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Computing Reflector Antenna Radiation Patterns

Reflector antenna radiation patterns are determined by a number of factors, but the most important ones are the radiation pattern of the feed antenna and the shape of the reflector. Parabolic reflectors have the unique feature that all path lengths from the focal point to the reflector and on to the aperture plane are the same. As shown in Figure 19.1,

$\displaystyle FP + PA$ $\textstyle =$ $\displaystyle {\rho} + {\rho}{\cos{\theta}'}$  
  $\textstyle =$ $\displaystyle {\rho}(1 + {\cos{\theta}'})$ (19.4.3)
  $\textstyle =$ $\displaystyle 2f,$  

since the parabola is described in polar form by, $ {\rho}(1 + {\cos{\theta}'}) = 2f $

Figure 19.1: Geometry for determining the aperture field distribution for a prime focus parabolic antenna.
\begin{figure}\centerline{ \psfig{,width=3in} }

When the reflector dimensions are large compared to the wavelength, geometrical optics principles can be used to determine the power distribution in the aperture plane. If the feed pattern is azimuthally symmetric, then the normalized far-field radiation pattern of reflector depends on

  1. ${\pi}u = k\ a\ {\sin{\theta}}$, where $a$ is the radius of the aperture, $ k = 2{\pi}/{\lambda} $, and ${\theta}$ is the angle subtended by the far-field point with respect to the parabola's focal axis
  2. The feed taper,$C$ [4],[5], which is defined as the amplitude of the feed radiation pattern at the rim of the parabolic reflector relative to the maximum value (assumed to be along the parabola axis). (Note that in standard power plots of radiation patterns (in dB), the edge taper ${T_{E}}$ is related to C by ${T_{E}} = 20 {\log{C}}$).
  3. The focal length $f$ which determines how the power from the feed is spread over the aperture plane. If $\tilde{g}(\theta^\prime)$ is the radiation pattern of the feed, $r$ is distance in the aperture plane, and $g(r)$ is the power density in the aperture plane, then we have
g(r)\ dr = \tilde{g}(\theta^\prime)\ d\theta^\prime,~{\rm i.e.}~
g(r) = \tilde{g}(\theta^\prime)\ {d\theta^\prime\over dr}
\end{displaymath} (19.4.4)

    and from Figure 19.1 we have
{d\theta^\prime\over dr} = {2f \over 1 + cos(\theta^\prime)}
\end{displaymath} (19.4.5)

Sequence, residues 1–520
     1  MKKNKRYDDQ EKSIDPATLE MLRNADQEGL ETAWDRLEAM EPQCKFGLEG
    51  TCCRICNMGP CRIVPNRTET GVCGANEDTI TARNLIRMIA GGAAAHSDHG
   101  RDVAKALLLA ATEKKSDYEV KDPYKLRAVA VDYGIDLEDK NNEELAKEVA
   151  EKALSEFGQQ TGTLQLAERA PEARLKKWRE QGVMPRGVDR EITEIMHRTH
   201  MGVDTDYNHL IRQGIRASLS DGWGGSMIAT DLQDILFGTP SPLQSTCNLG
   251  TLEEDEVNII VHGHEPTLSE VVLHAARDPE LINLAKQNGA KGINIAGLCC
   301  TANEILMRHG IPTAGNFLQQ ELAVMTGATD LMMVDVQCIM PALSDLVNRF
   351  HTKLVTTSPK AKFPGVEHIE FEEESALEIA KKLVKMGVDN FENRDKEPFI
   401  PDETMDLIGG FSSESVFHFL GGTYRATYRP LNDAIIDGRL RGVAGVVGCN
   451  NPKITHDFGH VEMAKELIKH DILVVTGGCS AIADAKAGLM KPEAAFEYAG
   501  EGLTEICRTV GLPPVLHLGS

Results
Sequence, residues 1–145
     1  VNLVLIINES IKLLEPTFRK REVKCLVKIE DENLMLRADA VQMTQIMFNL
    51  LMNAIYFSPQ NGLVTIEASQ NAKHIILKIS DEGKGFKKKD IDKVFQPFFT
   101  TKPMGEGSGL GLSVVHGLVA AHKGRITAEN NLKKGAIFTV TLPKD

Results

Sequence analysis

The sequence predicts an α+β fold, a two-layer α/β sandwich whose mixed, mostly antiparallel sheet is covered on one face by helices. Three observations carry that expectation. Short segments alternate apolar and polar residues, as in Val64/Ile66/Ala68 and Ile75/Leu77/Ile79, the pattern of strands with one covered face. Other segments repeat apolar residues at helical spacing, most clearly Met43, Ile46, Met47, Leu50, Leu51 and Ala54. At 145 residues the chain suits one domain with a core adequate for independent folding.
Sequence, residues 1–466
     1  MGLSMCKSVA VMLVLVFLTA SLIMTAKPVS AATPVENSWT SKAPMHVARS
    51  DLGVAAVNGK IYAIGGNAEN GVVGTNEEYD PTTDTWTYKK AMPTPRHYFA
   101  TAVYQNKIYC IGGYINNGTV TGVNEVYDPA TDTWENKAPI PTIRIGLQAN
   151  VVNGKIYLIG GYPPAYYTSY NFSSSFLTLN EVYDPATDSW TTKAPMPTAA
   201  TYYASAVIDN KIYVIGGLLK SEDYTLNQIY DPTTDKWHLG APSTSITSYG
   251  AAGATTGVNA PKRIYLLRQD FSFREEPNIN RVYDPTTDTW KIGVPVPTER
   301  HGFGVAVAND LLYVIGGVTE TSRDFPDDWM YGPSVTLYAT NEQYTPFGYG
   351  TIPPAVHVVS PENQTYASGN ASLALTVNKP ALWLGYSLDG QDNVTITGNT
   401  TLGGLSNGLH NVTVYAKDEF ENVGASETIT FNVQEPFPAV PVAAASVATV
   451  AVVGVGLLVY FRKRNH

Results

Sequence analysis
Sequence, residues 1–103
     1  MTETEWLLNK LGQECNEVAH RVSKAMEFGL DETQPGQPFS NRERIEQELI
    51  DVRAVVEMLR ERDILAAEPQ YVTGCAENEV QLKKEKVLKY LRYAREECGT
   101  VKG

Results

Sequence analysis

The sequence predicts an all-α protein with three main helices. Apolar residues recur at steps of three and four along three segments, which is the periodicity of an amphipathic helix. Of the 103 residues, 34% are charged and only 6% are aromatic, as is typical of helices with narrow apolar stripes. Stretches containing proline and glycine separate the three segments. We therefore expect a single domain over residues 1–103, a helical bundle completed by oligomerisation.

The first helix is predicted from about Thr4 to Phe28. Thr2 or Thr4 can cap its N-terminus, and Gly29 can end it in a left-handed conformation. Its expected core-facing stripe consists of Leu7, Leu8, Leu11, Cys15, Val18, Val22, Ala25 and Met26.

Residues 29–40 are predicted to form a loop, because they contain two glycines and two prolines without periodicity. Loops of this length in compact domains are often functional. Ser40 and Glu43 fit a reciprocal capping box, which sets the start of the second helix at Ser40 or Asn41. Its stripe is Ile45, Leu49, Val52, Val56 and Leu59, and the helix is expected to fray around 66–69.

In Chapter 3 we saw that the far field is in general the Fourier transform of the aperture plane distribution. In the case of azimuthally symmetric distributions, this can be written as

$\displaystyle F(u)$ $\textstyle =$ $\displaystyle {\int_{0}^{\pi}{g(q){J_{0}(qu)}q\:dq}}$  

where $F(u)$ is the far field pattern, $q$ is a normalized distance in the aperture plane, $q = {\pi}(r/a)$, $g(q)$ is the feed's pattern projected onto the aperture plane as discussed above. A convenient parameterization of the feed pattern in terms of the taper, $C$ is
$\displaystyle g{\left( {\frac{r}{a}} \right)}$ $\textstyle =$ $\displaystyle C+(1-C){\left[1-{\left( {\frac{r}{a}}
\right)}^2\right]}^n$ (19.4.6)

The aperture illuminations corresponding to different values of the parameter $n$ are shown in Figure 19.2. The case $n=0$ corresponds to a uniform aperture distribution.

Figure 19.2: The shape of the aperture illumination as given by eqn 19.4.6 for different values of the parameter $n$.
\begin{figure}\centerline{ \psfig{,width=4in} }

For uniform illumination the far field pattern is given by

F(u) = 2{\cdot}{\frac{J_{1}({\pi}u)}{({\pi}u)}}
\end{displaymath} (19.4.7)

Simple closed-form expressions are available for integer values of $n$. If the above expression $F(u)$ is denoted as ${F_{0}}(u)$, (since $n=0$) the general form for any integer $n$ is given by

$\displaystyle {F_{n}}(u)$ $\textstyle =$ $\displaystyle {\frac{n+1}{Cn+1}}{\cdot}{\left[ C{F_{0}}(u)+{\frac{1-C}
{n+1}}{f_{n}}(u) \right]}$ (19.4.8)

$\displaystyle {f_{n}}(u)$ $\textstyle =$ $\displaystyle 2^{n+1}(n+1)!{\frac{J_{n+1}({\pi}u)}{({\pi}u)
^{n+1}}}$ (19.4.9)

Table 19.1 gives the halfpower beamwidth (HPBW), the first sidelobe level and the taper efficiency (see Section 19.4.1) for various edge tapers $C$ and shape parameter $n$.

Table 19.1: Radiation characteristics of circular aperture
Edge Taper $n\:=\:1$ $n\:=\:2$
${T_{E}}$   HPBW Sidelobe ${{\eta}_t}$ HPBW Sidelobe ${{\eta}_t}$
(dB) C (rad.) level (dB)   (rad.) level (dB)  
-8 0.398 $1.12{{\lambda}/2a}$ -21.5 0.942 $1.14{{\lambda}/2a}$ -24.7 0.918
-10 0.316 $1.14{{\lambda}/2a}$ -22.3 0.917 $1.17{{\lambda}/2a}$ -27.0 0.877
-12 0.251 $1.16{{\lambda}/2a}$ -22.9 0.893 $1.20{{\lambda}/2a}$ -29.5 0.834
-14 0.200 $1.17{{\lambda}/2a}$ -23.4 0.871 $1.23{{\lambda}/2a}$ -31.7 0.792
-16 0.158 $1.19{{\lambda}/2a}$ -23.8 0.850 $1.26{{\lambda}/2a}$ -33.5 0.754
-18 0.126 $1.20{{\lambda}/2a}$ -24.1 0.833 $1.29{{\lambda}/2a}$ -34.5 0.719

From Table 19.1 (see also the discussion in Chapter 3) we find that as the edge-taper parameter $C$ decreases, the HPBW increases, the first sidelobe level falls and the taper-efficiency also decreases. Note that $C$ has to be less than unity since we have assumed a radiation pattern which decreases monotonically with increasing angle from the symmetry-axis (Eqn 19.4.6, Fig 19.2).

next up previous contents
Next: Aperture Efficiency Up: GMRT Antennas and Feeds Previous: Characterizing Reflector Antennas   Contents